History of Fashion in the Middle Ages

Instructor: Nate Sullivan

Nate Sullivan holds a M.A. in History and a M.Ed. He is an adjunct history professor, middle school history teacher, and freelance writer.

In this lesson we will learn about fashion during the Middle Ages. We will identify what types of clothing were popular, and we will understand the role of fashion in the context of the period.

Fashion and Its Role

Most of you probably have some idea of what takes place at a fashion show. Maybe a few of you have even been to some sort of fashion show. Typically models strut up and down the 'catwalk' showcasing the season's latest (often outrageous) styles. It's easy to be cynical of fashion shows and high-fashion culture, but we should remind ourselves that at its basic level, fashion plays an important role in society. Fashion serves a means of expressing who we really are. Fashion is an outward manifestation of who we are on the inside. It's a way to tell the world what we are all about. For example, if you see someone dressed in black leather you might assume they like to ride motorcycles. You might infer that someone who wears a lot of athletic clothing likes to work out. Granted, there are levels of stereotyping involved here, but the bottom line is that the way we dress says a lot about who we are.

Fashion has played a similar role throughout history. In this lesson, we will be looking at fashion in the Middle Ages. Just so we are clear, the Middle Ages refers to the period of time between the fall of the Roman Empire and the Protestant Reformation, which was basically the 1,000 year period between 500 to 1500 A.D. Let's take a look at see what kind of clothing people wore during this time.

Feudalism and Middle Ages Society

One thing we need to understand about the Middle Ages society is that it did not contain a vibrant middle class as is common today. There was an extreme discrepancy between the haves and the have-nots. The majority of people were poor peasants who struggled just to survive, while a select few had extraordinary wealth and privilege. Remember, Middle Ages society was based on feudalism, a social structure in which most land was owned by the the nobility. Peasants were allowed to live on their land in return for their labor. Basically peasants harvested crops for the nobility and worked their land, and only received what little was necessary for survival. Feudal society prevented upward mobility; it prevented peasants from bettering themselves. If you were born a peasant, you were doomed to a life of hardship. Similarly, wealth was passed down from generation to generation among the nobility. It is important we understand Middle Ages society because the fashion between the peasants and the nobility was dramatically different.

Peasant Clothing During the Middle Ages

Peasant clothing during the Middle Ages was plain. Most peasants made their own clothing or purchased it cheaply from a neighbor who made clothing. There was little color or variety to peasant clothing. Browns, grays, and other undyed bland colors were common. Peasants typically wore a pair of linen undergarments that were washed regularly. Over these they wore their daily working clothes which were rarely washed. Men typically wore a simple wool tunic and a pair of wool breeches. A leather belt was often worn over-top the tunic. Leather boots were customary, and in colder climates many peasants owned a sheepskin or other animal-skin cloak. A woolen cap was also commonly worn in colder weather.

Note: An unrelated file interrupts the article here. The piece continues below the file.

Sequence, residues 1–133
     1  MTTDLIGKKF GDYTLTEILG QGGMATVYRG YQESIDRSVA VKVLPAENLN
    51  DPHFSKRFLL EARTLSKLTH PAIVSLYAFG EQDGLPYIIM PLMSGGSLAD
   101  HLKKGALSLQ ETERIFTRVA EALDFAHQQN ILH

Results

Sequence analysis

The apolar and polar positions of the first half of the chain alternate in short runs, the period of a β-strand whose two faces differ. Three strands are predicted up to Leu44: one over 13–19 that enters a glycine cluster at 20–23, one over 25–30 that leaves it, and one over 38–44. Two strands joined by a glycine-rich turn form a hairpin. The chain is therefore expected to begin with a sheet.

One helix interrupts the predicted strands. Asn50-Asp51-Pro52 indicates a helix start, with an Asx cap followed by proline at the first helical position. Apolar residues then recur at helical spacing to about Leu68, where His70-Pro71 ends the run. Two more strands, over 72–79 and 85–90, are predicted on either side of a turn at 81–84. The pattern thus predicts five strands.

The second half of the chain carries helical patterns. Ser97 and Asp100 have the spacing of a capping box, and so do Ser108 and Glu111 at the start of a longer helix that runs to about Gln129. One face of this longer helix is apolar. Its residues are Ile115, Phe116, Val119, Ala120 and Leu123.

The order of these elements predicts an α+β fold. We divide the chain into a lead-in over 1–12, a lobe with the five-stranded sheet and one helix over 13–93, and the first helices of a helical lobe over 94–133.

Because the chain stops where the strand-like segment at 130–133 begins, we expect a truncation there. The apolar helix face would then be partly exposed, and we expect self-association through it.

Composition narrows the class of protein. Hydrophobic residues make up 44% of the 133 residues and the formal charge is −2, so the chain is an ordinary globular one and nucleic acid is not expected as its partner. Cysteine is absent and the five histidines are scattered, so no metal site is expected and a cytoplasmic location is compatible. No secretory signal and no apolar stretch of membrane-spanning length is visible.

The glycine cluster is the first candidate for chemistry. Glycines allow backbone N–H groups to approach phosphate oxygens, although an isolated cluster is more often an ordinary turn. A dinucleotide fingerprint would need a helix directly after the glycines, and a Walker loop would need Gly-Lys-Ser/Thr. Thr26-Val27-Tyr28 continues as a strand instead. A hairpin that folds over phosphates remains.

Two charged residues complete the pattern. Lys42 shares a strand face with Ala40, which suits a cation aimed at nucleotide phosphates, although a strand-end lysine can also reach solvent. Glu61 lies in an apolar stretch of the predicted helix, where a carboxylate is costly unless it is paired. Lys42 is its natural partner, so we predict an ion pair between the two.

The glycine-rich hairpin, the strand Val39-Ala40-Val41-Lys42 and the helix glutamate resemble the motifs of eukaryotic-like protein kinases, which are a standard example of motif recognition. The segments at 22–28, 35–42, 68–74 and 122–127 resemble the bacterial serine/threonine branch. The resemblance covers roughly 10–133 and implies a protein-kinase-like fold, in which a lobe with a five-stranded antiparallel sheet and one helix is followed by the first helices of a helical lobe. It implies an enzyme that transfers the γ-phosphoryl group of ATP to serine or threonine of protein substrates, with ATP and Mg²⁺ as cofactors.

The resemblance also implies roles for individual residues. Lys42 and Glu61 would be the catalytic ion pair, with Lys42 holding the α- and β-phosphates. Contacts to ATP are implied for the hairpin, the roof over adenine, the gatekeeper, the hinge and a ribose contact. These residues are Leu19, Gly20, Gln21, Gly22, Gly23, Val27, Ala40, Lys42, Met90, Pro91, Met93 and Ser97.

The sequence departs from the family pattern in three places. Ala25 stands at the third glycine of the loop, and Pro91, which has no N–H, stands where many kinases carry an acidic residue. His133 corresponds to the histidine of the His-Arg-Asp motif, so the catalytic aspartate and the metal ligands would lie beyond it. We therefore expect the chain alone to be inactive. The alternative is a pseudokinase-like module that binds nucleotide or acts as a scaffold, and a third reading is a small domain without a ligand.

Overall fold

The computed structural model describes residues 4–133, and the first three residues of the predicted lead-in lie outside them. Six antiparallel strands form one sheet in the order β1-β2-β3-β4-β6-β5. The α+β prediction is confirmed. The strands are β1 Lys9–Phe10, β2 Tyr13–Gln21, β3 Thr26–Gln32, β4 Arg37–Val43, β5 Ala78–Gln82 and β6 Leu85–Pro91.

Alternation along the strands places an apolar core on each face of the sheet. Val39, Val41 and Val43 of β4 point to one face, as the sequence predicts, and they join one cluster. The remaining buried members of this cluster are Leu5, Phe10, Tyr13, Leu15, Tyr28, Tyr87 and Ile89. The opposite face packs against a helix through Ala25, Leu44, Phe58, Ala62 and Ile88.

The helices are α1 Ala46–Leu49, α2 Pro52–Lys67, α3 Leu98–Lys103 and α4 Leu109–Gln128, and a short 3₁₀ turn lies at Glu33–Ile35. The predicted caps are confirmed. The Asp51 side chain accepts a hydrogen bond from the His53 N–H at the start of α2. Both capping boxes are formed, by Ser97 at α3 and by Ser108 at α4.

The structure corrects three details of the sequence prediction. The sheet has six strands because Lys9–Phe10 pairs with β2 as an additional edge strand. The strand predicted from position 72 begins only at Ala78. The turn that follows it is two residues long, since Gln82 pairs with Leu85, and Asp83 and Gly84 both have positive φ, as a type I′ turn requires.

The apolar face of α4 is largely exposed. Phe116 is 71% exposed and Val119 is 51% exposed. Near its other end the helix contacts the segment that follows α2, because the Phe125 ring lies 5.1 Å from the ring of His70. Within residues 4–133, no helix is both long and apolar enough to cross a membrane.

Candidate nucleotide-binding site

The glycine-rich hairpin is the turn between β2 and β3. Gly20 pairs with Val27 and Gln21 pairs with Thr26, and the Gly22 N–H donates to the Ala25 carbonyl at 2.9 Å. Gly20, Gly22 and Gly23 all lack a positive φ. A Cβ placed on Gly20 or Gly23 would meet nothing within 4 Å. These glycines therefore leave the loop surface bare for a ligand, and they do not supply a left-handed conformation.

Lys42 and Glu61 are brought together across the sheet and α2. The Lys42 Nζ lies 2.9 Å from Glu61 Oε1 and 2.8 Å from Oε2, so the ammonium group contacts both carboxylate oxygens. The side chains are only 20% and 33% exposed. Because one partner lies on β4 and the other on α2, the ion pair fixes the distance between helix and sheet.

Peasant men wearing fairly plain clothing are depicted in a Medieval tavern.

Throughout most of the Middle Ages, peasant women wore a simple, long dress. Usually this was white, brown, or grey, as dyes were expensive. Linen was a common material. This type of dress was loose-fitting and utilitarian. Many women also wore a wimple, a veil-like garment that covered the head and neck, but left the face exposed. Wimples served a variety of purposes and were particularly common among young unmarried women. See, under the rigid moral structure perpetuated by the Catholic Church, it was considered inappropriate for virgin women to show their hair. Wimples varied considerably with some being extremely elaborate and others primitive. By the late Middle Ages, women's dresses were becoming more form-fitting and the neck-line began to become lower. Corsets also became popular during this time, but again, many peasant women could not afford these styles and continued to wear loose, utilitarian dresses. Capes, scarves, and other types of accessories were sometimes available for women.

An example of a fairly extravagant wimple.

The basic idea you need to remember is that peasant clothing was utilitarian. Peasants did not have the luxury of multiple changes of clothes, brightly colored clothing, or the opportunity to be 'fashionable' for the sake of being fashionable.

Clothing of the Nobility During the Middle Ages

For the nobility, fashion was an entirely different story. The nobility had the resources to afford extravagantly dyed clothing. Furthermore, the nobility were the only people legally allowed to wear extravagant clothing. Yes, you heard that right. See, throughout the Medieval Era, Sumptuary Laws were put into place restricting what types of clothing peasants could wear. Many Sumptuary Laws forbade peasants from wearing bright colors. These laws, enacted by the nobility and those in authority, were intended to keep peasants in their place and mark the distinction between the two classes.

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